“We had so many coals in the fire and were going in so many different directions that we were afraid of not doing anything well,” McDonagh says. “[HB] is such a lovely, intimate space, and it works best when the owner is there.”

It was only natural for Lachman to become the next owner, says McDonagh. “His goal has always been to open a restaurant, and because he was a main force behind the opening of HB, it was his baby, too.” And perhaps most importantly, McDonagh adds, “He is a very dear friend. We trust him completely and his food is outstanding.”

So the deal went forward. And in a matter of months, HB officially belonged to Lachman and his partner of seven years, Bob Moysan.

“It feels different, but in an easy, warm way,” Lachman says from his seat at a corner table near the restaurant’s front window. “I can’t explain it—I am just proud and humbled at the same time. I can’t believe it, and then I feel like I’ve earned it. And there’s always the fear that you’ll open and no one will come.”

So far, that hasn’t happened. In fact, business is better than it’s ever been, Lachman says. Even the ad hoc art gallery they launched on the restaurant’s rugged brick walls—the current exhibition is a collection of black-and-white photography by Moysan—is doing well.

Lachman hasn’t made any significant changes to HB, and he doesn’t plan to. (Yes, that means the BYOB policy will stay.) But he and Moysan have done some things to add their personal stamp to the place and to quietly enhance the dining experience. “I didn’t want to make changes just to make changes,” Lachman says. “But there were some things that I had in my mind.”
Perhaps the most noticeable change is the new name—HB remains, but it now stands for Home Bistro. Then there’s the addition of the art. The furniture is also new, with sturdy albeit nondescript chairs replacing the mismatched flea-market finds. The campy “hunky waiter” coffee mugs are also gone, although Lachman insists with a laugh that the actual hunky waiters have stuck around.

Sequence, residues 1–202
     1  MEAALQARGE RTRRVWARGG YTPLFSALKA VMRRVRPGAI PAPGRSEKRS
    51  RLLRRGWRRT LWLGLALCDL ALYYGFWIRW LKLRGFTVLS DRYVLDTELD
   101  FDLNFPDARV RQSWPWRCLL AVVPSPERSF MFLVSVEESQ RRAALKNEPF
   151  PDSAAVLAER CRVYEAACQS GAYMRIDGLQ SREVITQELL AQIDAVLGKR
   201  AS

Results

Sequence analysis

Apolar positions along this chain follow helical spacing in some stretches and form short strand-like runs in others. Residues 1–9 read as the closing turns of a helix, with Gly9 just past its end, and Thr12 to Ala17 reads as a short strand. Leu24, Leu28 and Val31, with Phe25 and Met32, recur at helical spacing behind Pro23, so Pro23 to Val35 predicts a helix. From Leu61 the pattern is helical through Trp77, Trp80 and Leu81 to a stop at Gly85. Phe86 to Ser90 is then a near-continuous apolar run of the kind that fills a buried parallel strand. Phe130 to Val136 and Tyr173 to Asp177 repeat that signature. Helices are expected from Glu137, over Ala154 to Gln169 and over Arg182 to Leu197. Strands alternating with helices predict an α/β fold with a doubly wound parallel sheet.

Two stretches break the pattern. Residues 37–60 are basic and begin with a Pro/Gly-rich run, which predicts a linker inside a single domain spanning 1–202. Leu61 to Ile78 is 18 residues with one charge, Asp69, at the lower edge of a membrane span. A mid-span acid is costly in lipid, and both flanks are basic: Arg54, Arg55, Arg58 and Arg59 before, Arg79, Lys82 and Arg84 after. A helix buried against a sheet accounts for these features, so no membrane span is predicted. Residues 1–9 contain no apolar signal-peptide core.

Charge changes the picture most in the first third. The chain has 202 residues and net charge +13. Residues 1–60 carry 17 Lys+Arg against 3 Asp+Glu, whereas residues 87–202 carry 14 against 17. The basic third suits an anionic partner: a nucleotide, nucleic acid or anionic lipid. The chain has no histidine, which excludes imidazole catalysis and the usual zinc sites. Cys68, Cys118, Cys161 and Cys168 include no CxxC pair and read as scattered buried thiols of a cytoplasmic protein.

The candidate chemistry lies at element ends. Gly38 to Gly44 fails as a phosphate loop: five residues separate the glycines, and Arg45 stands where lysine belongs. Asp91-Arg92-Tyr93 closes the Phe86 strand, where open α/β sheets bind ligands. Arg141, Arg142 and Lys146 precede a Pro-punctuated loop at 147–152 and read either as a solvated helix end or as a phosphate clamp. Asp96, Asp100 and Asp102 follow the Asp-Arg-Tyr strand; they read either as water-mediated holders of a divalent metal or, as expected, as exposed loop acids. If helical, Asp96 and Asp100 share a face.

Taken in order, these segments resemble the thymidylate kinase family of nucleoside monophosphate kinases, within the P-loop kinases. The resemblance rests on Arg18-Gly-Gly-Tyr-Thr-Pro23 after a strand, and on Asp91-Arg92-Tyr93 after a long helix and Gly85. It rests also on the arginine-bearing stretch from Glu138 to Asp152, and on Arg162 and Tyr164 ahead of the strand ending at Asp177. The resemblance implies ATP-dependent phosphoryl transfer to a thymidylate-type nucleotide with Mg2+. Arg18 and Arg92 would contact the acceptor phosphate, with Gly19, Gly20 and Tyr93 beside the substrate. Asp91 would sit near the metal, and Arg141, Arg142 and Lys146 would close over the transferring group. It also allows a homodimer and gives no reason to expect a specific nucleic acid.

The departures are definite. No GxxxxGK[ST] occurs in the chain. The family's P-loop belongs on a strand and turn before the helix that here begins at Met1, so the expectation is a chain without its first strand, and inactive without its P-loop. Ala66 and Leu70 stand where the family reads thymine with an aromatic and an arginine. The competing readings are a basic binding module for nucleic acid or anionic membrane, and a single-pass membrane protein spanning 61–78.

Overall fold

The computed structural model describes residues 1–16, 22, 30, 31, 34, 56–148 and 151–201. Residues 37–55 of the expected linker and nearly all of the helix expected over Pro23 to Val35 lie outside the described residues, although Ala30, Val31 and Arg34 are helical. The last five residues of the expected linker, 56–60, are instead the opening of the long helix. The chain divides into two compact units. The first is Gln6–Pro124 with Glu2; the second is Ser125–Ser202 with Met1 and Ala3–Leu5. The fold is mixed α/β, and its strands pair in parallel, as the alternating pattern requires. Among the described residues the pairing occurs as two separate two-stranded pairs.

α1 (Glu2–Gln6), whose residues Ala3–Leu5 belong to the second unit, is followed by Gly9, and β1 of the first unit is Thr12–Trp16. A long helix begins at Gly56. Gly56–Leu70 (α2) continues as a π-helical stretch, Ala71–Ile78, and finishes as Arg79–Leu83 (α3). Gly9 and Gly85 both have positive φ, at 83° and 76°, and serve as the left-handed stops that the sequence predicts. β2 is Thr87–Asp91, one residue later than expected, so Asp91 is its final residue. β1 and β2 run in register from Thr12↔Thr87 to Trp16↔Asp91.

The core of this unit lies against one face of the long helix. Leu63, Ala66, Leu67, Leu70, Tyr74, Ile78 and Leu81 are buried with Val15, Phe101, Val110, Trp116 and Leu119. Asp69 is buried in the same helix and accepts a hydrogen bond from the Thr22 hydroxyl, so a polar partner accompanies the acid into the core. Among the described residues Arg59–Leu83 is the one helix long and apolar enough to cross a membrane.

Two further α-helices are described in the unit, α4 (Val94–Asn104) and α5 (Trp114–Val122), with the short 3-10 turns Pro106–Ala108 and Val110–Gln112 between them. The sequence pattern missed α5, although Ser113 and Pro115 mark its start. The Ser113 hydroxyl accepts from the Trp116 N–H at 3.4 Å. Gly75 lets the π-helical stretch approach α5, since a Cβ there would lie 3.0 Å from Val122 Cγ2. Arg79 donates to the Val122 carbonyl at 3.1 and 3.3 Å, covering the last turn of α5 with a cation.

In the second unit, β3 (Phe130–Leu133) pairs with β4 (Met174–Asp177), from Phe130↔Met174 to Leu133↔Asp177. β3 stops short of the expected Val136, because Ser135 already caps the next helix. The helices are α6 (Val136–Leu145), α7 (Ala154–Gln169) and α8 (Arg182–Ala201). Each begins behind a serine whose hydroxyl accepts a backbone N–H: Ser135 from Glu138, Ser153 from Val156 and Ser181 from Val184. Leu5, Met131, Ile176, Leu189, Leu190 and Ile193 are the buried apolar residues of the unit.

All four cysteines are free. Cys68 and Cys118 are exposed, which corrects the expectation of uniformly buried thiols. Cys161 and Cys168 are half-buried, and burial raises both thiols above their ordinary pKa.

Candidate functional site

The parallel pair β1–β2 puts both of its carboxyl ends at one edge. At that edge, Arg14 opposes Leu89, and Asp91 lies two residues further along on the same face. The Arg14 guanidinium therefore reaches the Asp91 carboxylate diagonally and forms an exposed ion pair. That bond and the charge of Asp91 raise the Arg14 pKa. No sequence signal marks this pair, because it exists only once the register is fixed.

The menu still feels familiar, with its emphasis on beautifully prepared, honest food made with fresh, seasonal and often locally sourced ingredients. That’s apparent in entrees like the herb-marinated hanger steak with salsa verde and roasted tomato butter and truffle fries ($20), the double-cut pork chop with butternut squash mash and whisky-glazed apples ($19) and the appetizer of brown-sugar-baked almond stuffed dates wrapped in bacon ($11). Brunch menu standards are also still there, like the “almost famous” pancakes ($9) and the bananas foster deep fried French toast ($8).

Take a closer look, though, and you’ll see that Lachman has added some interesting flavors and preparations that he’s derived directly from his Dutch heritage. There are mussels prepared “Amsterdam-style,” in beer butter with garlic, basil and anise ($9) along with added dashes of nutmeg, clove and cinnamon—spices that hark back to the days of Holland’s South East Asia involvement.

Ideally, Lachman wants HB to convey the feeling of what’s called an eetcafe in Holland. “These cafes are unpretentious, cozy and comfortable,” he explains. “And it’s like that here—we have that welcoming feeling where customers come in and they feel like it’s their restaurant, they feel like they have an ownership in it.”

HB Home Bistro is located at 3404 North Halsted, (773)661-0299.